Arnaud Grignard, Guillaume Fantino, J. Wesley Lauer, Alexandre Verpeaux and Alexis Drogoul. 
Agent-Based Visualization: A simulation tool for the analysis of river morphosedimentary adjustments.

Abstract: Spatially explicit agent-based models and simulations are playing an increasing role in the modelling of complex natural and social systems. The ARCHEM project belongs to this new research area. It proposes a new methodology to visualize the fine-scale sediment transport of a river. In this paper, we present the first implementation of ARCHEM on the case study of the Rhone river. Even though visualization cannot replace the analysis of simulation results, it often constitutes the more accessible medium to orientate a more specific and accurate analysis. It offers immediate feedback as well as a way to interact with and analyze results. We show how to support multiple viewpoints and different levels of abstraction using an agent-based visualization approach. We present a specific application focusing on dynamical 3D rendering of a GIS file and the analysis of morphosedimentary adjustments.


Banafsheh Hajinasab, Paul Davidsson, Jan A. Persson and Johan Holmgren. 
Towards an agent-based model of passenger transportation.

Abstract: In this paper, we present a multi-agent based simulation model for supporting the decision making in urban transport planning. The model can be used to investigate how different transport infrastructure investments and policy instruments will affect the travel choices of passengers. We have identified four main categories of factors influencing the choice of travel: cost, time, conven-ience, and social norm. However, travelers value these factors differently de-pending on their individual preferences, something which can be modeled in an agent-based model. Moreover, instead of modeling the transport system explic-itly, on-line web services are used to generate travel options. The model can support transport planners by providing modal share, as well as economical and environmental consequences. As a first validation of the model, we have made a simple case study of three scenarios where we analyze the effects of changes to the public transport fees on commuter’s travel choices in the Malmö-Lund region in Sweden.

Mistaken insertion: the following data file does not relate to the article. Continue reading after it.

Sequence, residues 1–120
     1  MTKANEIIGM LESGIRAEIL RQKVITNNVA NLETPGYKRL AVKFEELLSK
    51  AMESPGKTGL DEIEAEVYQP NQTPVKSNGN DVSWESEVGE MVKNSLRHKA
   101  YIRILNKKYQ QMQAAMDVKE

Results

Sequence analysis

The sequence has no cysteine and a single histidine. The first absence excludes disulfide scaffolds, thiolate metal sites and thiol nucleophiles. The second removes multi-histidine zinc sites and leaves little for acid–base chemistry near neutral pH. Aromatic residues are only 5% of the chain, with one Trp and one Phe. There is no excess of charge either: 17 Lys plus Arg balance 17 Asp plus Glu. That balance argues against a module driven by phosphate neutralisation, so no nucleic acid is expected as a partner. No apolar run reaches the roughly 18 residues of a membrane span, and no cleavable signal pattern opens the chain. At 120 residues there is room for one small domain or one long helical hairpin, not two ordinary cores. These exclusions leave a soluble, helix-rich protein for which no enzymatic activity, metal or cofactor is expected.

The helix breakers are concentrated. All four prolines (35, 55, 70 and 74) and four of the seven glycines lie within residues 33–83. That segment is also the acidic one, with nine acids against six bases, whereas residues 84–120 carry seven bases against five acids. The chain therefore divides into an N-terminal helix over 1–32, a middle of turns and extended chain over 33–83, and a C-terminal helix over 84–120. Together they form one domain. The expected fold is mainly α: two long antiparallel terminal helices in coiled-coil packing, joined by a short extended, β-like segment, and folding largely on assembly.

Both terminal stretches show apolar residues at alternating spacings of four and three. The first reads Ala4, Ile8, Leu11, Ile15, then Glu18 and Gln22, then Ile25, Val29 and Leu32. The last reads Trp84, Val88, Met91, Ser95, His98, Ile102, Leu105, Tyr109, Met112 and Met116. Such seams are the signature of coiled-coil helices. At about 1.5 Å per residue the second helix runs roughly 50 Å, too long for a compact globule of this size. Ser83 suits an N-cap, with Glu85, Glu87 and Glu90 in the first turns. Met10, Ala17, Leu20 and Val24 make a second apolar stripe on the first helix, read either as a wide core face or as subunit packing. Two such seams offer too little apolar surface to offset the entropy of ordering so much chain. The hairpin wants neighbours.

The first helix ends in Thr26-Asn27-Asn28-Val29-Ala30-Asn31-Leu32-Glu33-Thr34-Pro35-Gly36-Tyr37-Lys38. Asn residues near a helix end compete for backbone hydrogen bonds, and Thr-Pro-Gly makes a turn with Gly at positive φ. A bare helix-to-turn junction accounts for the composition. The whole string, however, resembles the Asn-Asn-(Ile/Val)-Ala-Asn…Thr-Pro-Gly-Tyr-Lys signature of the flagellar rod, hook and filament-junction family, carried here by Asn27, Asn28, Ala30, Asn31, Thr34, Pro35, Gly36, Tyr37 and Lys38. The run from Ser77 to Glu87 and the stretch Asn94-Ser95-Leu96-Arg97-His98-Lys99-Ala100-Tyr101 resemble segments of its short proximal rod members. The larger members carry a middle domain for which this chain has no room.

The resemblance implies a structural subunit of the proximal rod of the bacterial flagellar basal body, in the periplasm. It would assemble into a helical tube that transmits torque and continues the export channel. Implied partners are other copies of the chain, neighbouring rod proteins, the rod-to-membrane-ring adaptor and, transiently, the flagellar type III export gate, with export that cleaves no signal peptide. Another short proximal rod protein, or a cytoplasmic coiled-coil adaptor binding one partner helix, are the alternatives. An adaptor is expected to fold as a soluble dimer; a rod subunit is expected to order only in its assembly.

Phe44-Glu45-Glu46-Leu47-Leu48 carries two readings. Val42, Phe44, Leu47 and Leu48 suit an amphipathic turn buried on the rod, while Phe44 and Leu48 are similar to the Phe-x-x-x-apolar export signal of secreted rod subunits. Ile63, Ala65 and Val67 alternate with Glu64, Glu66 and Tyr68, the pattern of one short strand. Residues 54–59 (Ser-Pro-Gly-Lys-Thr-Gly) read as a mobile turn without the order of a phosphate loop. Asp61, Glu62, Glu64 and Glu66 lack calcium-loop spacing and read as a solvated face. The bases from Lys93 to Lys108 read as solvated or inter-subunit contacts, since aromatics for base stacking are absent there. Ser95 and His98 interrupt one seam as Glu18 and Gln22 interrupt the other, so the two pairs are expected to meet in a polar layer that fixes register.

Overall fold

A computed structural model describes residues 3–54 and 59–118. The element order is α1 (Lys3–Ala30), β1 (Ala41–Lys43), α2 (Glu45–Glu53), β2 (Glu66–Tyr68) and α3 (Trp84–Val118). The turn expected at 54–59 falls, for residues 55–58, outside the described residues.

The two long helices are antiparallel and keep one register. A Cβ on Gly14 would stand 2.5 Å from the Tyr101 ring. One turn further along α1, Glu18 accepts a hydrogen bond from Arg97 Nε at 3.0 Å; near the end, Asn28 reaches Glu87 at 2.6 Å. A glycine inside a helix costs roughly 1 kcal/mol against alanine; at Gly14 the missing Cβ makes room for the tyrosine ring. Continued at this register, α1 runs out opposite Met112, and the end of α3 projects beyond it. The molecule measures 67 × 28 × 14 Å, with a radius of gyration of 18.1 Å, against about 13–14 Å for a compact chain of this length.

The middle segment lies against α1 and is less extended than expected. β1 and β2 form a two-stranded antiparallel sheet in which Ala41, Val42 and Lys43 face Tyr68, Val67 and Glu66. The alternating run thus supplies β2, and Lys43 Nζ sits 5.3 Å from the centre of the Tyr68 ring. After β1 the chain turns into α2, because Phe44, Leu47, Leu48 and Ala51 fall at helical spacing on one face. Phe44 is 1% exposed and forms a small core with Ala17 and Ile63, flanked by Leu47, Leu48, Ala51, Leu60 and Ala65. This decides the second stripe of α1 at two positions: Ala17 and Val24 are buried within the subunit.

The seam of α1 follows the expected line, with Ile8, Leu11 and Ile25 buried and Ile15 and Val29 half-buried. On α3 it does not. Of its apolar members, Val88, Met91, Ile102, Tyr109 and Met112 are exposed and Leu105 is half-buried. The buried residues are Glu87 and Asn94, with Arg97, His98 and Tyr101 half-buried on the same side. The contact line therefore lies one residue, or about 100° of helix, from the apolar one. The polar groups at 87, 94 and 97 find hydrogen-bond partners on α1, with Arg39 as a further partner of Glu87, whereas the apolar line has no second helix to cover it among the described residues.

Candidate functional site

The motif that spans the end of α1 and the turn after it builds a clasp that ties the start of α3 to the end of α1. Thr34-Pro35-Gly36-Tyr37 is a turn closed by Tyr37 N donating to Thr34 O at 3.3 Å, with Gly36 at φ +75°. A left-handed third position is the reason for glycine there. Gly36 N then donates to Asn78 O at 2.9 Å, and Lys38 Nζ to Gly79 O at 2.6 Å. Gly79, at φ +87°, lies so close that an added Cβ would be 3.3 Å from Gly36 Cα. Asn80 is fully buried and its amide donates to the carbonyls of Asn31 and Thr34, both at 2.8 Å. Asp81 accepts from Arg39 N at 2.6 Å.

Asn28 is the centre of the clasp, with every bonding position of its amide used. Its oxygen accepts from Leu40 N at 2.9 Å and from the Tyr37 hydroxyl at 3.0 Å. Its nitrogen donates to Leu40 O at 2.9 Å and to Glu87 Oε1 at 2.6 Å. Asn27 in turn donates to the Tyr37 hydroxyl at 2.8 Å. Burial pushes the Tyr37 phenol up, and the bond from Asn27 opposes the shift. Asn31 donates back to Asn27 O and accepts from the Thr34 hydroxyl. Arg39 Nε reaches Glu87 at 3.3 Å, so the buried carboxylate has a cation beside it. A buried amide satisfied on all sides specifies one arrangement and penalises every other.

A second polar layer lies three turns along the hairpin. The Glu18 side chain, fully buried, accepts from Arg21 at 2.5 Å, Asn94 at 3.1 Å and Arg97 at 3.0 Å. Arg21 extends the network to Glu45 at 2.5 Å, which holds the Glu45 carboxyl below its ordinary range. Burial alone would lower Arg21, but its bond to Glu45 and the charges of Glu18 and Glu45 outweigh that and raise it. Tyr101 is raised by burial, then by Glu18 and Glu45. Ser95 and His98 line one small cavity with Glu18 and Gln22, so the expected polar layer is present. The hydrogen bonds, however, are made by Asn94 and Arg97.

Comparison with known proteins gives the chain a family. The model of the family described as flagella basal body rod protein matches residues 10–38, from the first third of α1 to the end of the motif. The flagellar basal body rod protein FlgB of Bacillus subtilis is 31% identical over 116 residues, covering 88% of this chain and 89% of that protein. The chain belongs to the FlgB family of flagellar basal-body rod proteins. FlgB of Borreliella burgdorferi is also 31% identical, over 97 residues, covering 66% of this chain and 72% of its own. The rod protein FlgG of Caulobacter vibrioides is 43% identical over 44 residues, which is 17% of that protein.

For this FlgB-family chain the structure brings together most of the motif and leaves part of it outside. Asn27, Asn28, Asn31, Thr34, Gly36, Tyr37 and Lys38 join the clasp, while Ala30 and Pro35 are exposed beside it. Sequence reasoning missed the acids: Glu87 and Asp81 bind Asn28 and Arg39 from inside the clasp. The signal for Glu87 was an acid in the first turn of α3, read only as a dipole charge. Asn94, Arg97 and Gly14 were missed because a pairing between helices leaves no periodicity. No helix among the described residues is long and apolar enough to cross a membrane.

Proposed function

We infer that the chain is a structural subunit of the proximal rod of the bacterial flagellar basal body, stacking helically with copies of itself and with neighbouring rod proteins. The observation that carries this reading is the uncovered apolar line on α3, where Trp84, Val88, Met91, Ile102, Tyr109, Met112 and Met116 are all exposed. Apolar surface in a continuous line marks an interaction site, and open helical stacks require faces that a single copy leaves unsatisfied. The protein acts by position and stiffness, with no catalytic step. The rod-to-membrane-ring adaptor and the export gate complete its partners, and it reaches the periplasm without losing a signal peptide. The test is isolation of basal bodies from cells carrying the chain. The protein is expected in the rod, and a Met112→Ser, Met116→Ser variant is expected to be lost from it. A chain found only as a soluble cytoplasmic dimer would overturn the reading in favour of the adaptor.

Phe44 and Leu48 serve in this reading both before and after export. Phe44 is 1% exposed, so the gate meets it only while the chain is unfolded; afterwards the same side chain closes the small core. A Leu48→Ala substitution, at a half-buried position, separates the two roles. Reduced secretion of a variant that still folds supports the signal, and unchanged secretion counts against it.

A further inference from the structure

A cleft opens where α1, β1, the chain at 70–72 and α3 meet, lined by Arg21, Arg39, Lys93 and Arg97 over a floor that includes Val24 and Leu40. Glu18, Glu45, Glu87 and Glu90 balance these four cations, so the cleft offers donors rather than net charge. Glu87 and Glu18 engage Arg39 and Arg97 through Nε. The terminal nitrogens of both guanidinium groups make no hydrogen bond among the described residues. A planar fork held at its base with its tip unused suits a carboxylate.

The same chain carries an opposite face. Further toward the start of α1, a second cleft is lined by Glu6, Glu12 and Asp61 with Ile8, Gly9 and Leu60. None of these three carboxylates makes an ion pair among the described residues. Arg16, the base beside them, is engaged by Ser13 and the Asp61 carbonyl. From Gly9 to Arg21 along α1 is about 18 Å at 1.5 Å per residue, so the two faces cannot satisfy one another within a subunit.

Itsuki Noda. 
Optimality and Equilibrium of Exploration Ratio for Multiagent Learning in Nonstationary Environments --- Case Study of Resource Sharing Problems ---.